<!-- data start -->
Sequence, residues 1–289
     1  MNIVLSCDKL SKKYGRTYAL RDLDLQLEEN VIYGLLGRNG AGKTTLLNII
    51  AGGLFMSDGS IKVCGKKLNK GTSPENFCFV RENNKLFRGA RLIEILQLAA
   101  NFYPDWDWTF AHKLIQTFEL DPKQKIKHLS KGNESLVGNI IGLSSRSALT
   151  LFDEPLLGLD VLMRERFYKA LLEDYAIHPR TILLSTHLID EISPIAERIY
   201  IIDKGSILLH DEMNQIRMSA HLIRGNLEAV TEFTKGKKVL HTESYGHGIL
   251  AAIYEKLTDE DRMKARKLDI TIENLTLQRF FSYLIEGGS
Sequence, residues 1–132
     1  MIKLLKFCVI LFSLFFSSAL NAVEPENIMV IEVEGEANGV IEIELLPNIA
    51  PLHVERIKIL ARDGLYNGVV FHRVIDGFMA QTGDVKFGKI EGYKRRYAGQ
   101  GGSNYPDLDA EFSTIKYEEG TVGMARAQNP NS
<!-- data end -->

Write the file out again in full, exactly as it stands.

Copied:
Sequence, residues 1–289
     1  MNIVLSCDKL SKKYGRTYAL RDLDLQLEEN VIYGLLGRNG AGKTTLLNII
    51  AGGLFMSDGS IKVCGKKLNK GTSPENFCFV RENNKLFRGA RLIEILQLAA
   101  NFYPDWDWTF AHKLIQTFEL DPKQKIKHLS KGNESLVGNI IGLSSRSALT
   151  LFDEPLLGLD VLMRERFYKA LLEDYAIHPR TILLSTHLID EISPIAERIY
   201  IIDKGSILLH DEMNQIRMSA HLIRGNLEAV TEFTKGKKVL HTESYGHGIL
   251  AAIYEKLTDE DRMKARKLDI TIENLTLQRF FSYLIEGGS
Sequence, residues 1–132
     1  MIKLLKFCVI LFSLFFSSAL NAVEPENIMV IEVEGEANGV IEIELLPNIA
    51  PLHVERIKIL ARDGLYNGVV FHRVIDGFMA QTGDVKFGKI EGYKRRYAGQ
   101  GGSNYPDLDA EFSTIKYEEG TVGMARAQNP NS